London Decbr. 12th. 1721. Sr. I have your favour of the 8th. Curr[en]t. by wch. I observe your arrivall in Rotterdam, your Letter favours same to hand, I am now to request you'll at the receipt of this make the best of your way for London in the first Sloop, you are to observe that you be silent in relation to your Voiage & the Moment you come to London come to me, sho[ul]d. not the Vessell got up above Gravesend when you come over, then come up in a Wherry from thence. No News of Capt Baker [this obviously worried Smallwood] & it's feared Capt Hebert is lost he has been out of Virginia near three months & no news of him, all his Effects are with him[.] your Spouse [Jane Beck Taylor] is at Epou with the Deane & his Lady. I presume she'll be in Town before you get over [Smallwood perhaps feared that Taylor may inform against him and used his new bride to secure his silence].
I am Informed there is at Amsterdam at least 20. of Congdons Men, but are now come to Rotterdam & in particular Wm. Knight who it's said is aboard a large Bristoll Galley called the Gardner, if she's not Sailed pray Inquire after him. Lampoon abt. Tom Jones is at Rotterdam & appears in an Old Jackett & Old Trowsers. I bega you'll look out for him, & if you can find or meet with any you know press them hard to know how they came there & what is become of Capt Baker it's Ten to one but you see some of them there is also George Goodman at the same place.
I am Impatient 'till I see you & wish you a good passage over My ffamily Joines with me in sincere respects or Concludes me your assured ffriend & humble Servt. J. Smallwood
It is known that pirate Edward Congden eventually settled in L'orient, Brittany, France where he married and became a gentleman merchant. It is entirely possible that he was with those twenty men who traveled to Amsterdam and to Rotterdam aboard Gardner.  Perhaps Capt. Henry Baker joined him... and may have avoided legal trouble by settling with pirates in France!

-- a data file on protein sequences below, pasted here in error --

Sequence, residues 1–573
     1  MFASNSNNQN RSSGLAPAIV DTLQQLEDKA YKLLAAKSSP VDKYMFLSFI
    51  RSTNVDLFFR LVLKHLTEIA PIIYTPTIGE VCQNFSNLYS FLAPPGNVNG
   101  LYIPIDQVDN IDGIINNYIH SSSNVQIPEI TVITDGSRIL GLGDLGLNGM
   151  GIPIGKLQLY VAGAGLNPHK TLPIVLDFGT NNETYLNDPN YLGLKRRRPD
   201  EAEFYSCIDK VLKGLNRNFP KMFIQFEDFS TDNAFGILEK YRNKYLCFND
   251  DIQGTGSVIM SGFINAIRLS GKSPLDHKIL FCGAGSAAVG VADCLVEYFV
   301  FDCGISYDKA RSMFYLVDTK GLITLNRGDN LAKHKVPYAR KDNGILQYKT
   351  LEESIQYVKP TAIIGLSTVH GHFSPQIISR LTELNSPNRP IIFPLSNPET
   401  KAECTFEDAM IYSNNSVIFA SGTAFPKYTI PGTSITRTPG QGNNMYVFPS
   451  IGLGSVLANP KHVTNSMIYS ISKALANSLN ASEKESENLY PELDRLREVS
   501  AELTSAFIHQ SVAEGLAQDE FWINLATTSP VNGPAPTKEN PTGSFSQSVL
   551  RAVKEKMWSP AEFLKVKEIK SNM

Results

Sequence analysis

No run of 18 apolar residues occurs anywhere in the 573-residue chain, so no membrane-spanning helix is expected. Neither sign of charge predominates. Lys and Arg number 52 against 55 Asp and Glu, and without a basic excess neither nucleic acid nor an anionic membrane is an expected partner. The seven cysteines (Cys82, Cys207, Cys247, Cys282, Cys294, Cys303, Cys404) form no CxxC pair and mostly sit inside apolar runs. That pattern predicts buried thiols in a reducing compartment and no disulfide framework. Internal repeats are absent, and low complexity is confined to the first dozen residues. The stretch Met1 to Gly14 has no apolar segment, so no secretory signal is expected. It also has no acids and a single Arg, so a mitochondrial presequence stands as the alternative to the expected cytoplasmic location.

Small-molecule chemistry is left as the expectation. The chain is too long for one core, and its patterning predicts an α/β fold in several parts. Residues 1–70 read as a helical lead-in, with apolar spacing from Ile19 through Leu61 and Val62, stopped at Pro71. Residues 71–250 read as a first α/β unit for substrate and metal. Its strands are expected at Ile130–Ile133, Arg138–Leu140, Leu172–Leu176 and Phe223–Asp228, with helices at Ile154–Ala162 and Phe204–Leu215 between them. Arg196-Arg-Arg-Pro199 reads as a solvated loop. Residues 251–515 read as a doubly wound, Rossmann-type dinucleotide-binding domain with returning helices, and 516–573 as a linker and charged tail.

from BBC Radio Bristol
300 years ago on Thursday - 22 November 1718 - Bristol born Edward Teach (aka Blackbeard, the most famous pirate in the history of the world), was killed in a violent battle off the coast of North America. And after 300 years we can finally separate the truth from the myth. You can hear the whole story this Thursday at 9am in a one off BBC Radio Bristol special: BLACKBEARD: 300 YEARS OF FAKE NEWS. With new research by Baylus C. Brooks (found in Quest for Blackbeard: The True Story of Edward Thache and His World), narrated by Bristol born Kevin McNally - Joshamee Gibbs in PIRATES OF THE CARIBBEAN, and produced by Tom Ryan and Sheila Hannon this is a very different Blackbeard from the one in the story books...

You can hear it at

Author Spotlight

#Blackbeard #pirate #twitterstorians


Three Centuries After His Beheading, a Kinder, Gentler Blackbeard Emerges - Smithsonian Online

“The real story of Blackbeard has gone untold for centuries,” says Baylus Brooks, a Florida-based maritime historian and genealogist.

 By Andrew Lawler
November 13, 2018


Exciting new detail, including information from French and English depositions, appears in a new book, Sailing East: West-Indian Pirates in Madagascar, now available!